5+ Reasons Overfishing Leads to Ecosystem Collapse & How to Prevent It

Overfishing leads to ecosystem collapse by depleting fish populations, damaging marine life as bycatch, and disrupting the food chain. Prevent it by advocating for responsible fishing practices, educating retailers, reducing subsidies, increasing marine protection, using consumer labels, and promoting responsible fish farming.

Why Overfishing Can Lead To Ecosystem Collapse(1)

We order a fried fish basket; we enjoy it. But how often do we think about where it comes from and the methods they use to catch it?

Let’s look at the reasons why overfishing can lead to ecosystem system collapse and why that’s bad for all of us.

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What is overfishing?

Overfishing happens when too many fish are caught at once and become too depleted to recover from that loss.

The casual fisher isn’t going to overfish the ocean. But we humans can overfish a pond or lake.

Commercial and company fishing is where the damage happens. Not only are they hauling in large amounts of fish, but they also catch other water dwellers, known as bycatch.

When overfishing happens, it screws up the surrounding ecosystem and throws everything off balance.

Reasons Why Overfishing Can Lead to Ecosystem Collapse

No one is saying you should stop eating fish and other water yummies. It’s just about doing it more responsibly and understanding the repercussions.

Modern Shipping Vessels

fishing ship

Advanced fish-finding sonar has made it insanely easy to pinpoint schools of fish to scoop up with gigantic nets.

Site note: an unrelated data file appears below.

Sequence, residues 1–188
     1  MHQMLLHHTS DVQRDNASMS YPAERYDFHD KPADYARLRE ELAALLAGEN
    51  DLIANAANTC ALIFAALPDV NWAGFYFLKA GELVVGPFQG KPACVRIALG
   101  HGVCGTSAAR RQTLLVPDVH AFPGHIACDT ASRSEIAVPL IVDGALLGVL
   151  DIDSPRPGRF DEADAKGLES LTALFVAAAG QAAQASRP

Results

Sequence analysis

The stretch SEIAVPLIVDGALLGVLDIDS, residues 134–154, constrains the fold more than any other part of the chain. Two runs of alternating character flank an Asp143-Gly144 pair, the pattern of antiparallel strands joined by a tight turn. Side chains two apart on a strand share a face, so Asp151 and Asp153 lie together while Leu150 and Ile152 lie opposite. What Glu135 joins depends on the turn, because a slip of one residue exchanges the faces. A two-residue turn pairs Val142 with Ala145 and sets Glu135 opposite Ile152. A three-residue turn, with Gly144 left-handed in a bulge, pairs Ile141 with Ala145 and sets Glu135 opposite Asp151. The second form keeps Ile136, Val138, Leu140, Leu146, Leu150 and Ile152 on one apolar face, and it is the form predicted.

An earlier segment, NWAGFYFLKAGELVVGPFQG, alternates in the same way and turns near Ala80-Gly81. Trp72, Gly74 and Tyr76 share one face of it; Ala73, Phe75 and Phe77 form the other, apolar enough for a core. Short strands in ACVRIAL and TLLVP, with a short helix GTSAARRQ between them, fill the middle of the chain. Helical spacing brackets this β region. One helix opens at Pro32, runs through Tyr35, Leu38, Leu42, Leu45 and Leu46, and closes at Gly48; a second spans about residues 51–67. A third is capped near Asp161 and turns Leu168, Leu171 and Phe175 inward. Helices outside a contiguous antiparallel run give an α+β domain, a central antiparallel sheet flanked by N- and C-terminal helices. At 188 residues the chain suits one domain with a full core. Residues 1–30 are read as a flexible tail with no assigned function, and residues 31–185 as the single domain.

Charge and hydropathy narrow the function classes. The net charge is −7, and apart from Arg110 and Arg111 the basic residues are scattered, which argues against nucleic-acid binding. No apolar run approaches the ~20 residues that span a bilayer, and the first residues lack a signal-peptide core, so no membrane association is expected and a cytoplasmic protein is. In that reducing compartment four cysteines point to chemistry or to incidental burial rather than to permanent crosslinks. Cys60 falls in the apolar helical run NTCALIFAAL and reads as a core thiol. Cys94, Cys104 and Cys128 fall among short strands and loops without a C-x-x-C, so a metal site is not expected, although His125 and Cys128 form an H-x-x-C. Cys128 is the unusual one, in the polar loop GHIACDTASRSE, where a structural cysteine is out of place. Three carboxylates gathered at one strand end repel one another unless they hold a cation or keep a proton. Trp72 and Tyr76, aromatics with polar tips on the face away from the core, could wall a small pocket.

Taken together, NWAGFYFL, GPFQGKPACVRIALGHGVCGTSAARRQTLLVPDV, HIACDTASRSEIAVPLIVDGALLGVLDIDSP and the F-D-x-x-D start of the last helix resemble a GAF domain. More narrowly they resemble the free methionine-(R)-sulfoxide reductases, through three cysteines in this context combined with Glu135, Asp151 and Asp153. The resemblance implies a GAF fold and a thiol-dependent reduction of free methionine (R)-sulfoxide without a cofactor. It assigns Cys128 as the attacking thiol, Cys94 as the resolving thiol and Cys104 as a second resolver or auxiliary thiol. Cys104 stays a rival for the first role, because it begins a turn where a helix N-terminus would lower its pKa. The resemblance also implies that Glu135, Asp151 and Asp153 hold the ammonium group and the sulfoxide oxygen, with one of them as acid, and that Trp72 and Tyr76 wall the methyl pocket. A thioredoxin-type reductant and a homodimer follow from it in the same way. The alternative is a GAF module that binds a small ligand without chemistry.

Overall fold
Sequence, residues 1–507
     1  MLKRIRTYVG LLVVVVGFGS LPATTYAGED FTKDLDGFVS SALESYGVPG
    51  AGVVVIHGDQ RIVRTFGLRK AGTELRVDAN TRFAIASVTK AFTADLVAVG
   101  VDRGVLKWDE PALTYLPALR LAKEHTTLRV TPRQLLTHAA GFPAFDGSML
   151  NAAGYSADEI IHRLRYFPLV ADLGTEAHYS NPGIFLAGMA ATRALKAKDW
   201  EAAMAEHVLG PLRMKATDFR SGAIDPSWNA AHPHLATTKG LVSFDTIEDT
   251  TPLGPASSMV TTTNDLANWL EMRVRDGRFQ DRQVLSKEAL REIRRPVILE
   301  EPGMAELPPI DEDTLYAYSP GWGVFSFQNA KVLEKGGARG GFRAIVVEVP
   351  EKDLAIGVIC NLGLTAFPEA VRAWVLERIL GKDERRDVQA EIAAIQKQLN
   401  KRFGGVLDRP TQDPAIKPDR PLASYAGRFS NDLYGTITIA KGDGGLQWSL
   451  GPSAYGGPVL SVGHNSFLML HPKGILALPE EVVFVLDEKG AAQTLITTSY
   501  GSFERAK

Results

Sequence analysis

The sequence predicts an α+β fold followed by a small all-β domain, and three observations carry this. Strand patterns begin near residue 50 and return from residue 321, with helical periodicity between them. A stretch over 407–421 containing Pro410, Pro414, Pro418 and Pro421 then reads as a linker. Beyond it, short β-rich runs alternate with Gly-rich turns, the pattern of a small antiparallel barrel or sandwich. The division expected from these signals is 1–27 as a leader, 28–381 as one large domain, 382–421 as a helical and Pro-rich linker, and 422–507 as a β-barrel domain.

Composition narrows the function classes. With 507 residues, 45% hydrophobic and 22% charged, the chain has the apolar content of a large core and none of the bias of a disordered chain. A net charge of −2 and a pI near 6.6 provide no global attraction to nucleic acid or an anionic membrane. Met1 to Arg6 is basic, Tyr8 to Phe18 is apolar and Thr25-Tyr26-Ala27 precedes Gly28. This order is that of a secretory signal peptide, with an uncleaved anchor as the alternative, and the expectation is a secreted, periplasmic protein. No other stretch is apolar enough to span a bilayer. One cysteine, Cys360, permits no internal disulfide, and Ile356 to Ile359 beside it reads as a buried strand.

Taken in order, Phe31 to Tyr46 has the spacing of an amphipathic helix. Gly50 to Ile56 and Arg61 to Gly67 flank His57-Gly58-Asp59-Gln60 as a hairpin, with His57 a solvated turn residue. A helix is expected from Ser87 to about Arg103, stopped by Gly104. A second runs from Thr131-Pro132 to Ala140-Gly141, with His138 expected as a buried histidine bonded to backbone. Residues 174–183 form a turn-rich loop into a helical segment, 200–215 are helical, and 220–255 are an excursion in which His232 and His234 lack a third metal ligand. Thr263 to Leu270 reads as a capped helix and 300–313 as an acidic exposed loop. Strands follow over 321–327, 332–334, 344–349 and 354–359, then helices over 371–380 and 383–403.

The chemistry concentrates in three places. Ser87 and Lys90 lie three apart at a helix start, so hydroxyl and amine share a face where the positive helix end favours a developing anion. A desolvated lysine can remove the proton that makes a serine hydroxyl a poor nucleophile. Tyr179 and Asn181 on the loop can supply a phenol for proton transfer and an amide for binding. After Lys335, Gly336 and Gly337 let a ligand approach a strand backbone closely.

A lot of modern fishing ships act as floating factories where they can process, pack, and preserve the product. 

Without Apex Predators, It All Goes to Hell

Slowly but surely, we’ve managed to overfish the ocean’s top predators, including sharks, tuna, marlin, and swordfish.

Because of that, the entire ecosystem must shift until only smaller, plankton-feeding fish remain. 

For example, the jellyfish population will continue to grow because predators aren’t around to control the population. As a result, the food chain goes haywire.

How does overfishing destroy ecosystems?

The ecosystem is a delicate balance that humans can’t seem to find.

Overfishing depletes entire populations of fish, which then can cause an entire water ecosystem to collapse.

Bycatch Has Consquences

We mentioned that bycatch happens and does damage to the ecosystem. Let’s look a little closer at what that means.

Modern fishing vessels drag huge nets and scoop up non-targeted ocean life – dolphins, turtles, sharks, and even sea birds.

Even if they toss a 50-year-old turtle back into the sea, it doesn’t mean it will survive. Many victims of bycatch die or are dying by the time they’re returned to the water.

And don’t fall for ‘tuna safe‘ labels. Commercial fishers have no way of avoiding bycatch. All it means is that they try to release the dolphin before it dies.

Overfishing Goes Deep 

overfishing

You’re talking about disrupting the ecosystem at its deepest. 

Bottom trawling is the process of dragging an enormous and heavy fishing net over the ocean floor. The net is tapered with a wide mouth and a small enclosed end that works as doors.

The net can weigh up to several tons. The weight allows it to go so deep that it sweeps up coral, sponges, and seafloor life, which is essential for a healthy ecosystem to thrive.